Creator funds suck: Turn creators into shareholders instead

July 11, 2022
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Instagram versus TikTok: Which platform is better for turning content creators into successful independent businesses?

This article was going to answer that question. But it turns out that was the wrong question—because the answer is that they both suck. 

Instagram and TikTok are doing anything they can to attract creators. Anything, that is, except the one thing that would create a fair value exchange between platform and creator: partial ownership of the platform company. 

It’s hard to believe that no platform has offered creators a deal worthy of their value since YouTube triggered the era of monetized content creation with its Partner Program in 2007. Sadly, YouTube’s offer of 55% of its ad revenue is the best it gets for creators who may want to rely less on brand sponsorships and more on app payouts. 

Unless they want to get locked into creating more content for less income, it’s time creators took collective action to demand more. And as decentralized autonomous organizations (DAOs) mature past their potential for scams, it may be the perfect time for them to do it.

Instagram and TikTok: Satisfying egos, not bank accounts

Instagram and TikTok aren’t like YouTube—you don’t see ads before you watch a piece of content on either platform. So at first glance, it makes sense why neither platform would adopt YouTube’s ad revenue share model.

In July 2020, TikTok announced its $200 million Creator Fund for creators that had at least 10,000 followers. A year later, Instagram launched its own bonuses for Reels, an invite-only program for U.S. creators that promised to pay out $1 billion within a year’s time. Amazing, right?

Except not really … because both funds remained static as more creators joined each fund. That means the more creators access the fund, the less each of them gets. Some creators who made bank on TikTok in 2020 saw their earnings plummet as more creators joined the platform. Victoria Paris (1.3M followers), for instance, posted a chart of her TikTok earnings that showed a decrease of two-thirds in the past year.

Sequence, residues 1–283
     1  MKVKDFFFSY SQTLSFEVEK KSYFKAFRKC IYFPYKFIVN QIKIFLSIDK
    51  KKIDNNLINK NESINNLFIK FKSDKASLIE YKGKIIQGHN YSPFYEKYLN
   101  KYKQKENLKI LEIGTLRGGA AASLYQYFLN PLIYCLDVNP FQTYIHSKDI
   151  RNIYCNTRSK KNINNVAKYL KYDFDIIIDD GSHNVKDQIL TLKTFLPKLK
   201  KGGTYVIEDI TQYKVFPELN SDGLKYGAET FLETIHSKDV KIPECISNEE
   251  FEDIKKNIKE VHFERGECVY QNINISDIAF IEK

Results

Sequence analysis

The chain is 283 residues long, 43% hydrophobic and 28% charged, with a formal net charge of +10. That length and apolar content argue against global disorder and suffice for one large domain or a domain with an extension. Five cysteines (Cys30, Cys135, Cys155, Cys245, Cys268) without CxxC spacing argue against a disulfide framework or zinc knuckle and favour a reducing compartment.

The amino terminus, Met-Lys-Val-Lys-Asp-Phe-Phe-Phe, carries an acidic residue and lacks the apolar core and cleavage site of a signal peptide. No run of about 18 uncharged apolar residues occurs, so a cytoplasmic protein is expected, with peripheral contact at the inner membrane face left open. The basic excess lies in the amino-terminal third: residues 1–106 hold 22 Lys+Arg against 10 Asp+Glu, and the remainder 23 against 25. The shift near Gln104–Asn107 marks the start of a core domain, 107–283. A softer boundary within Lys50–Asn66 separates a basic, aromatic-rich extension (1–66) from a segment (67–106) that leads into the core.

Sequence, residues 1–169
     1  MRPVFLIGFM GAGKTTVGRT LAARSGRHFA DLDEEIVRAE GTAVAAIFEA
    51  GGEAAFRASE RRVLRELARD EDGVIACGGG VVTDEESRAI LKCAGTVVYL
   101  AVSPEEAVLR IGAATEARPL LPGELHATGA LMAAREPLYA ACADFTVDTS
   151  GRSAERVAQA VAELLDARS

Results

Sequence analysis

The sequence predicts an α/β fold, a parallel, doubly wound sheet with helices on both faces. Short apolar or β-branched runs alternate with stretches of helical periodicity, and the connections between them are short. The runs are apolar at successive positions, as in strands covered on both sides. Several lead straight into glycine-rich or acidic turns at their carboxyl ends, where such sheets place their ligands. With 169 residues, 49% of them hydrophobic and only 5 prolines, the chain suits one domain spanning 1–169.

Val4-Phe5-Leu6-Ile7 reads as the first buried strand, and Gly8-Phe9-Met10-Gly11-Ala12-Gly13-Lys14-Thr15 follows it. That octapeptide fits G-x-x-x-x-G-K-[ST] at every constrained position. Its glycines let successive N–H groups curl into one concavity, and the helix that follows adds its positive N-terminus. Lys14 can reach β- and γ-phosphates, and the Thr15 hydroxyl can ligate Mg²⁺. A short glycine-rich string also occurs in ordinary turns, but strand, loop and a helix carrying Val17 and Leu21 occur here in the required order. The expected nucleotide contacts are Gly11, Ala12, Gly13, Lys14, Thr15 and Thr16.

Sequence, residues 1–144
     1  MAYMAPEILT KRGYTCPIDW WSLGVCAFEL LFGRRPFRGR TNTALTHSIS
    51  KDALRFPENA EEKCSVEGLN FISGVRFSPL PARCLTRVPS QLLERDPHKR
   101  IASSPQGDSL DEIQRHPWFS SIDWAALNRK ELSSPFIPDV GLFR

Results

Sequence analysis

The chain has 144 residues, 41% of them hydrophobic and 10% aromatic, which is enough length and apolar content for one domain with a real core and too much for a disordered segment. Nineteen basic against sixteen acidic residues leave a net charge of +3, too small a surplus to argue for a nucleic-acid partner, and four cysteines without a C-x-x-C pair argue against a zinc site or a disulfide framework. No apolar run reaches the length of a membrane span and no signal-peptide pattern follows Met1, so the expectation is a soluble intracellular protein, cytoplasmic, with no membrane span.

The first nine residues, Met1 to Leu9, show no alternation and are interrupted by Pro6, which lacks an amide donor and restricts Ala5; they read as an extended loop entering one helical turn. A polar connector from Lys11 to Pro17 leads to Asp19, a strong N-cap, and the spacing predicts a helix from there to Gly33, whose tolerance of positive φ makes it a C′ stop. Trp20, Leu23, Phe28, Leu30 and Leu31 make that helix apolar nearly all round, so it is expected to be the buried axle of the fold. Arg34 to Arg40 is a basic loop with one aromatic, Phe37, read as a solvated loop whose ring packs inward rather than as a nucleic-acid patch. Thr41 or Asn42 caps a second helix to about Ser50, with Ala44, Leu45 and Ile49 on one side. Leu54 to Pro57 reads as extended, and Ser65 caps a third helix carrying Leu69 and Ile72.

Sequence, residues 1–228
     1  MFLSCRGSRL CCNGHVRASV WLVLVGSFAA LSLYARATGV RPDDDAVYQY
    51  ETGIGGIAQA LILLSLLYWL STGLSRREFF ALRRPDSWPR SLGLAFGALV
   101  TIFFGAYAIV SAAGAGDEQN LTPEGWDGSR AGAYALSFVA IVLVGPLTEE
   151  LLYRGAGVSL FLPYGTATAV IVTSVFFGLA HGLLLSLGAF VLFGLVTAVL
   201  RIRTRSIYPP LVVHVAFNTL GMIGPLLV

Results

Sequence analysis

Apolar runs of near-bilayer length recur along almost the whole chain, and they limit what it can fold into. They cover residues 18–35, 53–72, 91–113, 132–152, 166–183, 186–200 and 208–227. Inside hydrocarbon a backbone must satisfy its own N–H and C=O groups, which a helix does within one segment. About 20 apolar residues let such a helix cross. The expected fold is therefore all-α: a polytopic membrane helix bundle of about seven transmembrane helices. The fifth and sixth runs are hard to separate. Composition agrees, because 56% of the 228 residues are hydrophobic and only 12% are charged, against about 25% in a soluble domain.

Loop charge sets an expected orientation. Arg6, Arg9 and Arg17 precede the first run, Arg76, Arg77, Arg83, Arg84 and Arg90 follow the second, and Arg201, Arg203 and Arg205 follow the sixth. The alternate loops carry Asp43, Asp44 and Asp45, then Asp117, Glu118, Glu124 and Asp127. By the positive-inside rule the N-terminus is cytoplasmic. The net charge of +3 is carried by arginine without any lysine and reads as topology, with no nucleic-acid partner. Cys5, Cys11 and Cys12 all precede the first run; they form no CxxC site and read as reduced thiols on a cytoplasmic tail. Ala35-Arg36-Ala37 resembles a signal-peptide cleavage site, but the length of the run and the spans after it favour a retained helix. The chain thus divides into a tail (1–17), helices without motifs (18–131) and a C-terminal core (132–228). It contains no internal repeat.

On Instagram, access to the fund has been clunky and opaque. One creator noted on Reddit that they were entitled to a $35,000 bonus for a video that received 58 million views, but then received an error message when they tried to act on the notification. There have also been inconsistencies in bonus criteria and follower thresholds, with one creator with 52,000 Instagram followers offered $1,000, while others with similar follower counts were offered $600 or $800. 

And while it’s easier to get followers and see high view counts on TikTok, their Creator Fund seems even less valuable compared to the engagement seen on the platform. In January 2022, Hank Green posted a video in which he calculated that if TikTok shared ad revenue the same way YouTube did, creators would be making six times what they do at current rates.

If creators want to build toward platform revenue, it seems their best bet is to grow their following on TikTok and transfer some of that success to YouTube. Rebecca Rogers, a schoolteacher with 2.3M followers on TikTok, says, “I like to think of TikTok as a springboard for other platforms. In all reality if I had to pick one platform to bet all my marbles on in three years, it would be YouTube.”

Is it possible to stabilize revenue as a creator?

It’s normal for creators to accept inconsistencies with app payouts, as they’ve learned not to rely on them in the first place. Brand sponsorships have long been the accepted way to make money on Instagram, so why should creators care if they can’t rely on the app for revenue?

While she’s hopeful about the future of Instagram bonuses, Anna Rios, a registered dietician with more than 86k followers, notes that engagement on sponsored content isn’t what it used to be. “Instagram seems to completely hide sponsored content,” she says, “which leads to extremely low engagement. Instagram has made lots of changes to their algorithm in the past few years that has negatively impacted most content creators by lowering engagement rates.” She adds that recently it does seem the algorithm has changed yet again to increase engagement on sponsored content, but she’s “not sure how long this will last.” 

Creators have long accepted that their income is tied to their engagement rates. This acceptance can, ironically, create a false sense of control, a belief that they can see high engagement rates—and lucrative sponsorships—if they’re creative and hardworking enough. But the reality is that engagement rates can suddenly rise or plummet when a platform tweaks its algorithm or format priorities, oftentimes forcing creators to pour even more hours into adapting content to fit new channels and formats.